Other than that and the previously discussed lack of speed? Not much to grouse about, if you ask me. I personally love the moody, low-tech look of this port and I've never really run into any issues with moving Jennifer about via my WonderSwan Color's weird directional pad and A and B buttons. (For the curious: the d-pad controls a cursor, while pressing the A and B buttons allows you to walk or run toward the cursor, examine the environment, pick up or use items and fight off Scissorman.)

I'm also now a big fan of how Clock Tower of WonderSwan progresses. Following a brief intro, you (as Jennifer) are left alone in the titular mansion. Silence surrounds you. The only sounds you hear are those of Jennifer's feet walking along wooden and carpeted floors. That is, until Scissorman makes his first appearance. Then both background music and panic kick in, and the race to find Jennifer's fellow orphans and escape their supposed new home begins.


I've yet to accomplish that last task, and I have a feeling I'll need to refer to a guide to do so, but I'm perfectly OK with that.

In the meantime, I'm getting a kick out of exploring Clock Tower--both the mansion in particular and the game in general--while also trying to avoid or fend off the incessant Scissorman, and I don't see that changing anytime soon.

Are any of you Clock Tower fans? If so, have you experienced this WonderSwan release? Regardless, please share your thoughts and opinions on those topics or anything I've said here in the comments section below.

Also, if you'd like to see photos of Clock Tower for WonderSwan's box and cartridge, you can do so via this Flickr photo album of mine.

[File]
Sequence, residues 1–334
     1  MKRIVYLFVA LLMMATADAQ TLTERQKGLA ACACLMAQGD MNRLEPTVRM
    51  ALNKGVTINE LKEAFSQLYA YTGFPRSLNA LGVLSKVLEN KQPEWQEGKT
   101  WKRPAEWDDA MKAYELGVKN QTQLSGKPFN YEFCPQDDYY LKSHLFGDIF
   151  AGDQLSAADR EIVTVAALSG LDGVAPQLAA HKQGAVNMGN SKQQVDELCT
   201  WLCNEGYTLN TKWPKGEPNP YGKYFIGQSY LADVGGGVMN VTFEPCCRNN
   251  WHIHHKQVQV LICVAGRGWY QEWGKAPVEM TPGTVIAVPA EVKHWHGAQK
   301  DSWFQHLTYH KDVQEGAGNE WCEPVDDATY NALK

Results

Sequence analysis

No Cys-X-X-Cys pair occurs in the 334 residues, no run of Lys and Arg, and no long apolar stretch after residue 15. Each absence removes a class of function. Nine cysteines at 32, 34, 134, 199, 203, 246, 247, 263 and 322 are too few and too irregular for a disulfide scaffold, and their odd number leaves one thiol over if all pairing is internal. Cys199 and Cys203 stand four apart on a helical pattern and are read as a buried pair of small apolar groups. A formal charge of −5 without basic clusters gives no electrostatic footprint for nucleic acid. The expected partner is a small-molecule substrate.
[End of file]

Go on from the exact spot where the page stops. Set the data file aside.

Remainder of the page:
See also: my 'Welcome to WonderSwan' post about Rainbow Islands: Putty's Party

Friday, May 12, 2017

Nice Package! (Puzzle Bobble, WonderSwan)

I've got to be honest here: I was more than a bit apprehensive about buying a black-and-white port of Taito's Puzzle Bobble.

The fact is, I'm generally not all that interested in black-and-white ports of games that usually are drenched in color. You know, like, the platformer--Bubble Bobble--that spawned this puzzler. Or Puyo Puyo. Hell, even Pac-ManBomberman and Adventures of Lolo come to mind.

Still, I've had some good times with the pair of Bubble Bobble titles that were published for the GameBoy in 1990 and 1993. Also, I'm surprisingly fond of Rainbow Islands: Putty's Party, as I explained in my most recent "Welcome to WonderSwan World" write-up.


So, when I came across a rather cheap complete-in-box copy of Puzzle Bobble for WonderSwan a couple of months ago, I bit the bullet and bought it despite my initial reservations.

Am I happy I with my purchase now that I've spent some time with this seemingly gimped conversion of Taito's classic coin-op? Yes, I am.

I don't want to say too much about why that is in this post, though, because I'll cover a lot of that ground in a future installment of "Welcome to WonderSwan World."

What I'm willing to say here: Puzzle Bobble's WonderSwan port both looks and sounds better than you're probably imagining (you can see and hear what I'm talking about in this YouTube longplay of the game). Also, it's surprisingly enjoyable to play.



This iteration's graphics and gameplay aren't solely responsible for why I'm glad I added this title to my growing collection of WonderSwan carts, however. Just as responsible: its packaging, of course.

The best part of owning a complete-in-box copy of Puzzle Bobble for WonderSwan, in my humble opinion, is its cover art. Although not as amazing as the illustration conjured up for the game's Neo Geo Pocket Color port (see it here), it's basically on par with the one plastered across the front of the Puzzle Bobble Super Famicom box.

Going back to Puzzle Bobble's WonderSwan cover imagery, while looking at this post's first photo, you may notice it sports both a Taito as well as a Sunsoft logo.

That's because, unlike the original arcade release of Puzzle Bobble, which Taito developed and published, Sunsoft published this one--at the beginning of July in 1999.



Sunsoft didn't develop it, though. A company called Yoshidayama Workshop handled that task.

Don't worry if Yoshidayama Workshop doesn't ring a bell; before I started doing my research for this post, I'd never come across its name either.